400 grams of deionized water is weighed into a 1 Liter, 3 necked round-bottom flask fitted with a condenser, nitrogen inlet and an overhead stirrer (IKA). The flask is immersed in a water bath and the bath temperature set to 90° C. The water in the flask is purged with nitrogen from an air stone for 30 minutes. 2 grams of polyvinyl alcohol (Harco 26-88)(PVA) is added to the flask. The air stone is removed and a nitrogen blanket is maintained above the liquid surface for the duration of the reaction. The PVA mixture is stirred for 30 minutes at 90° C., then allowed to cool (with stirring) to 65° C. overnight. Separately, 0.1 grams of sodium nitrite (NaNO2), 6 grams of primary hydrophobically coated paramagnetic beads, 53.4 grams of distilled styrene, 2.5 grams of divinyl benzene (63% divinyl content), 65 grams of diethyl benzene, 10.4 grams of chloromethylstyrene and 1 grams of benzoyl peroxide are mixed and degassed with nitrogen for 20 minutes. This mixture is poured into the PVA solution, and the stirring speed adjusted to give droplets of the desired size (10-2000 micrometers). Reaction is allowed to proceed for 24 hours at 65° C. The reaction is then cooled, the particles filtered and the product washed with water to remove excess PVA and with tetrahydrofuran (THF) to remove unreacted monomer and inert diluents. The product is then dried and sieved. Elemental analysis gave 3.41% chlorine (0.96 mmoles chlorine/gram of resin)
Preparation of High Load Aminomethyl Paramagnetic Particles
To a 250 round bottom flask fitted with a condenser, nitrogen inlet and an overhead stirrer (IKA), was added 6 grams of chloromethyl paramagnetic beads prepared as in Example 2, 100 ml of dimethylformamide and 1.2 grams (6.4 mmole) potassium phthalimide and mixture stirred at 50° C. for 20 hours. At the end of 20 hours, the product was washed with dimethylformamide, methanol, water and ethanol and then dried under vacuum to provide phthalimide incorporated beads.
To 6 grams of phthalimide incorporated beads was added 200 ml of absolute ethanol and 2 ml of hydrazine monohydrate. The mixture was refluxed for 10 hours. The material was then filtered, washed with ethanol, aqueous sodium hydroxide, distilled water and ethanol in that order to give aminomethyl paramagnetic particles, dark black in color. Elemental analysis gave 2.01% nitrogen, 83.83% carbon, 7.10% hydrogen and 2.40% iron.
Composite magnetic beads from the batch used to provide the micrograph of FIG. 1, were suspended in various solvents and the following was observed. Beads expand in dimethyl formamide (DMF), methylene chloride, and tetrahydrofuran. See Table 1.
When the composite beads are suspended in DMF and allowed to remain in the solvent for 1 hr at 100° C. then exposed to a neodynium magnetic separator such as is available from Advanced Magnetics Lab., Cambridge, Mass., the composite beads are seen to remain intact. Small rigid polymeric coated magnetite particles which have become separated from the microporous matrix are not observed.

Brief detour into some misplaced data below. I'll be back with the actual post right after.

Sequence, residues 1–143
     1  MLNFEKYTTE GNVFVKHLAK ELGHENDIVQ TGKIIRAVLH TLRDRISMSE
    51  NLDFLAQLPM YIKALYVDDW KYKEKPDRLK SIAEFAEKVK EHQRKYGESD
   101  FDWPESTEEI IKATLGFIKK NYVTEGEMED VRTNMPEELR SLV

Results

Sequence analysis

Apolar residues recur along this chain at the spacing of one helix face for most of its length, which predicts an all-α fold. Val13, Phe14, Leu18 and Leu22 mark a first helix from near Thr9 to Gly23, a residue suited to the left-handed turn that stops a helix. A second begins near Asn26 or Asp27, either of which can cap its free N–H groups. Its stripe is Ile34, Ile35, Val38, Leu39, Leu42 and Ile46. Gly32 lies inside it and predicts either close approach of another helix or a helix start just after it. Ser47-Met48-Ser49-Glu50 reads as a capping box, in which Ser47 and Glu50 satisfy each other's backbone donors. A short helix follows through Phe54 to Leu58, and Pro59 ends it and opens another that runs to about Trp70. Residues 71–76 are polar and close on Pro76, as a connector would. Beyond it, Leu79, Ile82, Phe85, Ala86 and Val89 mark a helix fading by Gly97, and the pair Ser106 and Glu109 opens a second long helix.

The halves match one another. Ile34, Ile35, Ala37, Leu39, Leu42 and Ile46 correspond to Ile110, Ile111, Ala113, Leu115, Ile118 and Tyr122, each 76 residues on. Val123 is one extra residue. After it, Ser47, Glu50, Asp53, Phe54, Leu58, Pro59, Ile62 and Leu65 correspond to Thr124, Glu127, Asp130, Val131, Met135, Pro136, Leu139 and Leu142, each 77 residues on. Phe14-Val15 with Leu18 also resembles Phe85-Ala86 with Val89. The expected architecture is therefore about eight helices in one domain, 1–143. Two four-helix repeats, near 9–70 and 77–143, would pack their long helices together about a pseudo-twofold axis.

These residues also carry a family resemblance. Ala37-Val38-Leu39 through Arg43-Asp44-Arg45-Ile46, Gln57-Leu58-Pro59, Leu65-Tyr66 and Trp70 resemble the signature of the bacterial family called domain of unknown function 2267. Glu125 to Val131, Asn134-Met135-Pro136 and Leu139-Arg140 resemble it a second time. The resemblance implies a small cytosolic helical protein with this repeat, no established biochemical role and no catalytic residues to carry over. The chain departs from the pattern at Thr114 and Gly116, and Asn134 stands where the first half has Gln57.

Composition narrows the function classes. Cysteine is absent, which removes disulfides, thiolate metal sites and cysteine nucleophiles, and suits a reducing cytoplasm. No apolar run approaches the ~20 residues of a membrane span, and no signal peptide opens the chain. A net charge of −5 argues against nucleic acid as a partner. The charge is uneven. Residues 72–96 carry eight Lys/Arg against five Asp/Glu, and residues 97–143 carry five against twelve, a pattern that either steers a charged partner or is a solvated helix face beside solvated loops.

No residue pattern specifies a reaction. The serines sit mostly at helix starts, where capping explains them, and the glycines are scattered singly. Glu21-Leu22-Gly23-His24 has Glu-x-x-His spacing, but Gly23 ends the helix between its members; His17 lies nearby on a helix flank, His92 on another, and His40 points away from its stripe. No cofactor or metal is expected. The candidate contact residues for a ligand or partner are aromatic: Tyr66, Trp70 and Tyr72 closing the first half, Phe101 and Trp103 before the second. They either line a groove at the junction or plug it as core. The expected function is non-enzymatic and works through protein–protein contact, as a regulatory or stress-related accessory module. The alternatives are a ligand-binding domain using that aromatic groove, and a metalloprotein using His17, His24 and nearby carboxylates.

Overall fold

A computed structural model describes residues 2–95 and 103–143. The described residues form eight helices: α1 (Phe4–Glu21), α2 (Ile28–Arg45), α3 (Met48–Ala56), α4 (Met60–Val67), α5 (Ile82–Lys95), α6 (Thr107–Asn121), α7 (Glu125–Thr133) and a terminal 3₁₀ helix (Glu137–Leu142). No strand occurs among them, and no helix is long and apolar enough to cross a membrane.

TABLE 1______________________________________Volume Changes of Composite Paramagnetic Beads (100 mg)Having An Average Diameter of 400 micrometersSolvent Volume (ml) Change in Volume (ml) Floats/Sinks______________________________________none (dry) 0.7 -- --DMF 1.6 0.9 sinkswater 0.7 0 floats______________________________________
The preferred starting material, polystyrene polymer coated bead described above, is available from Polymer Laboratories Ltd., Church Stretton, Shropshure, UK) Preferably, the starting material has a haloalkyl functionality covalently bound to the polystyrene matrix and has an average diameter of at least 0.2 millimeters to about 1.0 millimeters. Most preferably, the starting material has chloromethyl functionalities covalently linked to the polystyrene polymer matrix.
A spacer arm, (also termed an "arm") which is defined herein as a long chain hydrophilic molecule which will distance the binding site of a peptide or protein from the polystyrene coated bead, is covalently bound to the paramagnetic polystyrene bead at the haloalkyl functionality. The spacer arm is chosen from organic polymers which will provide a surface which is more hydrophilic than the polymer matrix surface itself. The increased surface hydrophilicity is thought to facilitate loading of the bead when the paramagnetic polystyrene bead is used as a support for organic synthesis of peptides and to reduce non-specific binding when the surface of the support is coupled to peptides or proteins for assay or therapeutic purposes. The spacer arm should have an average molecular weight of form at least about 500 to about 4,000 daltons. Exemplary spacer arm components would include polyalkylene glycol diamines such as polyethylene glycol (PEG), poly acrylimides, and carbohydrate molecules. It is preferred that a polyalkylene glycol diamine arm of about 1,500 to about 3,000 daltons be utilized. Most preferably due to its commercial availability, a 2,000 dalton polyethylene diamine known by the trademarked name of Jeffamine 2001 (available from Texaco Chemical Co., currently Huntsman Corporation of Austin, Tex.) is used. Surprisingly, it has been found that attachment of Jeffamine 2001 to the polystyrene chloromethyl functionalities can be directly and efficiently achieved with sonication and heat in the presence of excess spacer arm such as polyalkylene glycol diamine. A ten fold excess of spacer arm relative to the amount of beads present is preferred. However, the concentration of the spacer arm component can range between 5 to 50 equivalents by weight of the support material.